Monday, February 27, 2012

Invisible Children ~Aaron Gentry Boggs

 



Weeks before Aaron Gentry Boggs graduated from high school, another student showed a documentary at an assembly by three young southern California filmmakers who had gone to Africa seeking to have a film adventure.  Instead, they had a life-changing experience – capturing on film the heart-wrenching exodus of children in northern Uganda fleeing from the Lord’s Resistant Army (LRA), a guerilla force of Acholi religious extremists that had kidnapped an estimated 22,000 children and forced them into military service to fight against their own families. 

The filmmakers, Jason Russell, Bobby Bailey, and Laren Poole, had been so moved by the children they met that fled each night to “safe houses” to avoid kidnapping ordered by LRA rebel leader Joseph Kony, that they set up a non-profit foundation, Invisible Children (IC), to provide aid to children and displaced families.  They were taking volunteers.  Dangerous or not, Aaron wanted to volunteer and help in whatever way he could.


Aaron with friend, Tony, one of the Invisible Children.
Photos compliments of LIA and IC volunteers and staff.

 “Immediately after I saw the documentary, I called my friend Erin Kelly,” Aaron recalls. “I had heard she had a cousin in Uganda.  My friend said her cousin would be visiting California and I could talk to her about any questions I had.”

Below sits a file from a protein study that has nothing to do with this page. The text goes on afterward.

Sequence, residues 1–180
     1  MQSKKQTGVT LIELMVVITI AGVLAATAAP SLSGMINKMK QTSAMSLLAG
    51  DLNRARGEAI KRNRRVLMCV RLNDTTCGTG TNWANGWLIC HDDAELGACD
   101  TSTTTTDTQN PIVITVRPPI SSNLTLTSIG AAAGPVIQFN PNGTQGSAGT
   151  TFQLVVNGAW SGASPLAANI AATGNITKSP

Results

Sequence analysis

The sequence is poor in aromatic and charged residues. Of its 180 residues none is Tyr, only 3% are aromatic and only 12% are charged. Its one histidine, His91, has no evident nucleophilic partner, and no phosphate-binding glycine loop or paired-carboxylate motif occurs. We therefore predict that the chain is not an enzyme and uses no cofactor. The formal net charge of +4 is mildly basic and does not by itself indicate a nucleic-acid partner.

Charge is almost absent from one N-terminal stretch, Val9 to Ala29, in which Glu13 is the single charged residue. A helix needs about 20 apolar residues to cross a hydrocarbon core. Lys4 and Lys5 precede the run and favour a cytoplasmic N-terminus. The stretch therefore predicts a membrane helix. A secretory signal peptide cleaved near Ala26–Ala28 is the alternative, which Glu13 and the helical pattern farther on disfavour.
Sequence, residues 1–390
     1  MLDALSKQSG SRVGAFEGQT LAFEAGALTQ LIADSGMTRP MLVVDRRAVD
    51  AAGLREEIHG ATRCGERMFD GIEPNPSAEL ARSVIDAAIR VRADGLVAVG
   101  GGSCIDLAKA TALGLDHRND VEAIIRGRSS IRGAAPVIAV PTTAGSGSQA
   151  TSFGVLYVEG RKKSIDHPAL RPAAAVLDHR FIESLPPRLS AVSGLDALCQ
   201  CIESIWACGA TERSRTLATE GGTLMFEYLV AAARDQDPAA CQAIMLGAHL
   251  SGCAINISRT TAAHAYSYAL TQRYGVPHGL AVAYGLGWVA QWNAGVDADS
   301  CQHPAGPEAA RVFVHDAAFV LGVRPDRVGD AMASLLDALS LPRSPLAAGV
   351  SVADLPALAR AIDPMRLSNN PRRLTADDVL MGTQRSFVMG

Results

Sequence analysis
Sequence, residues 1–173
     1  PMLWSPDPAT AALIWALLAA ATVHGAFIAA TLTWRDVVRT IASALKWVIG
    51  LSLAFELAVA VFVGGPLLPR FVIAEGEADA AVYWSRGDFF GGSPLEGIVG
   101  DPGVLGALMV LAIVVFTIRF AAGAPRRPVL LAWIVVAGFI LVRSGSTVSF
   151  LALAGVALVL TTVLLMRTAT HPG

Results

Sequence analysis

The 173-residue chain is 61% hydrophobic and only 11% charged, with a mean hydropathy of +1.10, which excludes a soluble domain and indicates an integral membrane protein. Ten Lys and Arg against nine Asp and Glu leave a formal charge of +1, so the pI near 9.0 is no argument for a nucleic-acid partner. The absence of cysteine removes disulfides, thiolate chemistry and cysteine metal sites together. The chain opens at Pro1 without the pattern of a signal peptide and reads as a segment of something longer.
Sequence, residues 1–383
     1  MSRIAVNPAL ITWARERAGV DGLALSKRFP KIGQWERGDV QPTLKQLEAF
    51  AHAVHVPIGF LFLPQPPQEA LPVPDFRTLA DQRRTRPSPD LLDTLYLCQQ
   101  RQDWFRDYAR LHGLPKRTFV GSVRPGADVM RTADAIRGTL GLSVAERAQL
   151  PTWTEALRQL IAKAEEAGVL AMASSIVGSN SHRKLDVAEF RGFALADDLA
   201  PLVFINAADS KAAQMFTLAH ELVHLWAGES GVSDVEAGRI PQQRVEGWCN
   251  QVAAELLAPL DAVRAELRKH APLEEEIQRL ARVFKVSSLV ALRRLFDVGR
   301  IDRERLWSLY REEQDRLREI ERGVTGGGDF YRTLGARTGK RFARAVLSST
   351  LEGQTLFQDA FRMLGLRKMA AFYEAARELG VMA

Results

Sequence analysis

The cousin arrived in California.  Christina Jordan, a linguist, had founded art foundation Life In Africa (LIA) after one of her Ugandan employees had his children kidnapped by the LRA.  Christina had personally gone into the jungle to negotiate their release.  Deeply affected by the experience, she returned to Kampala determined to do something.  Her idea was to develop art co-ops to “create art not war” and she obtained sponsorship by the founder of E-Bay to sell co-op art on the Internet.

Aaron met with Christina.  She put his mind at ease about any serious dangers to volunteers.  She was also willing to be Aaron’s sponsor in Uganda, as well as Megan Kelly’s sponsor (Erin Kelly’s sister), who had decided she wanted to volunteer. The final piece fell into place when Aaron’s mom, who hadn’t figured out what she wanted to get Aaron as a high school graduation present, gave him a roundtrip ticket to Uganda.